Jameson Taillon was the second overall pick in 2010 by the Pittsburgh Pirates, which is significant in itself, but even more so when considering he was a right-handed pitcher just graduating from high school. This is meaningful because right-handed high school pitchers are rarely taken in the first round because they carry such a sizable amount of risk. However, Taillon impressed the Pirates so much so that they were willing to take this risk and Taillon has rewarded them with two impressive professional seasons. Although the first pitcher we scouted, Dylan Bundy, was also a right-handed high school pitcher, these two top prospects are certainly exceptions to the rule. In Taillon’s second professional season, 2012, he pitched to a 3.55 ERA over 142 innings in High Single-A and Double-A combined. These numbers are not overwhelming, but are impressive for a 20-year-old playing against older players. Taillon throws four pitches including a fastball, curveball, slider and changeup. His fastball reached mid-to-upper 90’s and his slider and curveball are low-to-mid 80’s. I had the opportunity to watch him this past weekend when he pitched for Canada versus the United States in the World Baseball Classic. Taillon looked very sharp in this performance as he pitched four innings allowing one earned run and striking out three. His control of his fastball as well as his slider and curveball was very impressive. His changeup looked pretty far below average, but he has three plus pitches and good control of all three. The 6’6” Taillon’s mechanics are pretty solid. He has a long and loose arm action in back; however, his arm does go behind his back, but it should not be a problem as long as he continues to get his arm in position by foot strike. Bringing his arm behind his back could become an issue late in games as his arm gets tired and begins to lag. He has a hip tilt as he begins to go towards home plate. This tilt gives him deception as he also angles his shoulders, and this incline gets him good downward plane towards home plate. I believe Taillon will begin the season at Triple-A and with a strong season could make the Major Leagues when rosters expand in September.
To kick off the BaseballStooges’ scouting reports segment of top minor league prospects, we take a look at Dylan Bundy. Bundy was the 4th overall pick of the 2011 amateur draft by the Baltimore Orioles and likely would have been taken higher except that Bundy was only coming out of high school and many teams view high school pitchers as incredibly risky. Since being drafted, Bundy has pitched across 4 levels in 2012, his first full professional season. In the minor leagues last season, between Single-A and Double-A, Bundy pitched to a 9-3 record with a 2.08 ERA over 103 2/3. Bundy is the consensus, top pitching prospect in all of baseball with a mid-to-upper 90’s fastball, a big curveball and decent change-up. His best pitch is probably his low-to-mid 90’s cutter; however, the Orioles have not allowed him to throw this pitch in order to develop his other pitches. With a solid four pitch repertoire that has three plus pitches, Bundy has a legitimate chance to pitch for the Orioles’ big league club this season. I watched him in the Futures Game last season and he looked like he was overthrowing a little as his control suffered, but the stuff was clearly there, with the mid 90’s heat and big curveball. Mechanically speaking, Bundy has very sound mechanics and uses his lower half very well to generate velocity. When he comes to his balance point, he has a slight hip turn, which creates some good deception. The one issue I find in his delivery is he cuts off his arm motion off in back where he does not have a full arm swing. This arm action has been found to lead many pitchers to Tommy John surgery. For example, Adam Wainwright has a similar arm action and recently underwent Tommy John surgery. One example is clearly not enough to prove a point, but ESPN’s Lindsay Berra wrote a nice article last March about this issue. Here is the link: http://espn.go.com/mlb/story/_/id/7712916/tommy-john-surgery-keeps-pitchers-game-address-underlying-biomechanical-flaw-espn-magazine.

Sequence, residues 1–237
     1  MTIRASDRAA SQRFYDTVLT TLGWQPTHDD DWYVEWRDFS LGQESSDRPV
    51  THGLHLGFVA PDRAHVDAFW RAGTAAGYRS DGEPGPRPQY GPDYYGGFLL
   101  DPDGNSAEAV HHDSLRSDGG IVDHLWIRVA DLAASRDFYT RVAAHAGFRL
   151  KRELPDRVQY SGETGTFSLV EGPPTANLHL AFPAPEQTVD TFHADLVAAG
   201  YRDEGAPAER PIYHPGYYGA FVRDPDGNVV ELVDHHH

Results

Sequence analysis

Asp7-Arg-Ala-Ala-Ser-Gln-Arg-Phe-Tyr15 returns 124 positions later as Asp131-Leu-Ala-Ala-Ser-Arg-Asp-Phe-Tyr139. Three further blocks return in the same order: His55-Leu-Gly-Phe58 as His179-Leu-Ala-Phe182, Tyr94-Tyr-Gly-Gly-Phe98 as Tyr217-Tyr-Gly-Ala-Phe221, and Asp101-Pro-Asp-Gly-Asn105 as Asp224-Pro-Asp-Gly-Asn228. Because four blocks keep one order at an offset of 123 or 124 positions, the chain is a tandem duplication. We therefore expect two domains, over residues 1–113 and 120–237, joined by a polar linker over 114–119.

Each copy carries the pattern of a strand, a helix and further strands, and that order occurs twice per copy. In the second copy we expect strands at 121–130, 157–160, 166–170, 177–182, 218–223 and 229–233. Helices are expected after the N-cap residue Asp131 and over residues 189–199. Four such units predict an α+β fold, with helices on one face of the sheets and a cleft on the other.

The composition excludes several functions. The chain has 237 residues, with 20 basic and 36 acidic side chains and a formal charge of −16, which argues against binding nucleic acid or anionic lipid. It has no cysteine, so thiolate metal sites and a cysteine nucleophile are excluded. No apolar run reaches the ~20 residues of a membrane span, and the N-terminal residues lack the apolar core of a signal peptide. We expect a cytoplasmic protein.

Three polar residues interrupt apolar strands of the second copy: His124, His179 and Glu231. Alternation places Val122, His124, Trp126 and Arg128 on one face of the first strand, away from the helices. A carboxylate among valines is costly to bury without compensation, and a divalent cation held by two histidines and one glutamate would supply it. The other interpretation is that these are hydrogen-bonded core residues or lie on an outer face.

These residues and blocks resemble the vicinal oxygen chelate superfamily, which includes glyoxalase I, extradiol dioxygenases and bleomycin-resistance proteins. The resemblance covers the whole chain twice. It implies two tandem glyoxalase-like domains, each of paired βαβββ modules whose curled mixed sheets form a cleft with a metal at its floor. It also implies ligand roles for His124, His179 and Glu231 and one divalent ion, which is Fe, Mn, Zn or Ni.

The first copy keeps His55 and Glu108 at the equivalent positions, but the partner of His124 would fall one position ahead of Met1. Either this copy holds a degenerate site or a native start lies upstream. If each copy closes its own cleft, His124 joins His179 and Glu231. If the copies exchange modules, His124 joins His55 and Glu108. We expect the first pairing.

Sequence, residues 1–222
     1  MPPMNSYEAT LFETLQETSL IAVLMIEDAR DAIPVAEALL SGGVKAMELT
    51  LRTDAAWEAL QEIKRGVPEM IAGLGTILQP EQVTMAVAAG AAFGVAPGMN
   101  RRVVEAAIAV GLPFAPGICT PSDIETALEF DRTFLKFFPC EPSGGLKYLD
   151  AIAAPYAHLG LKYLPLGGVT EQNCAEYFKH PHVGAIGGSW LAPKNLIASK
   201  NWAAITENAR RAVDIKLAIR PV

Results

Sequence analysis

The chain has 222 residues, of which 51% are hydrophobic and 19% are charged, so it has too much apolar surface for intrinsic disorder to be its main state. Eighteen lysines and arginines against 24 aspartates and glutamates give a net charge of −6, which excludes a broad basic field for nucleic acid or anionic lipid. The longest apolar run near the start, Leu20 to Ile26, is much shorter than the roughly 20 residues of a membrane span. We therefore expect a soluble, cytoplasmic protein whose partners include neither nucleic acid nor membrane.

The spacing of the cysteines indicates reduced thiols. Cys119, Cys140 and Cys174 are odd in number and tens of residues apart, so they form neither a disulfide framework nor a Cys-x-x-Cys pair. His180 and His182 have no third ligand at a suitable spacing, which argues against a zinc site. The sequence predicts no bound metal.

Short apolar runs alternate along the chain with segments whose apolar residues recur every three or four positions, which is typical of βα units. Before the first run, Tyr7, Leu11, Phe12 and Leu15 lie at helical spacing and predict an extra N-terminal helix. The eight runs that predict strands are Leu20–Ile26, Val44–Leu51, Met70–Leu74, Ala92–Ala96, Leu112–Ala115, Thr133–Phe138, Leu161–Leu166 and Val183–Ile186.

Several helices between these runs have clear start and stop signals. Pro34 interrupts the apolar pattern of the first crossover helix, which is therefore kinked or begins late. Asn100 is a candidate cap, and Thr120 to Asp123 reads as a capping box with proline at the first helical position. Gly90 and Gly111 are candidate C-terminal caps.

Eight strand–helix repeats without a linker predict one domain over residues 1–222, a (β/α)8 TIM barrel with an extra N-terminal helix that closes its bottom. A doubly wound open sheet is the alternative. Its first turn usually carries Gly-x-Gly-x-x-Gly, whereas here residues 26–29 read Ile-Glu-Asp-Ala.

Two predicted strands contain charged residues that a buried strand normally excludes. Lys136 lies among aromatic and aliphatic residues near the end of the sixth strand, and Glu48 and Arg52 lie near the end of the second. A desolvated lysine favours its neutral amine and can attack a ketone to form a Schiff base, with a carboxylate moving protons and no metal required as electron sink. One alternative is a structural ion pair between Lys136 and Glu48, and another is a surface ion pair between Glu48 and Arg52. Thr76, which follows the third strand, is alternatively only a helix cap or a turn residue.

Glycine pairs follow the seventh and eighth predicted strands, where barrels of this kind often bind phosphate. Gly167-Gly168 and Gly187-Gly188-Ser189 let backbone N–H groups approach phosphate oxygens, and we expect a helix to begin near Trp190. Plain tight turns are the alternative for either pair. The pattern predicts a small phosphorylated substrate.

I have no concerns about Bundy in the short-term or long-term as he seems prepared to pitch in the Majors this season and his mechanics are very sound. I believe he will begin the season in Triple-A, but should be in the Orioles’ rotation by the end of the season.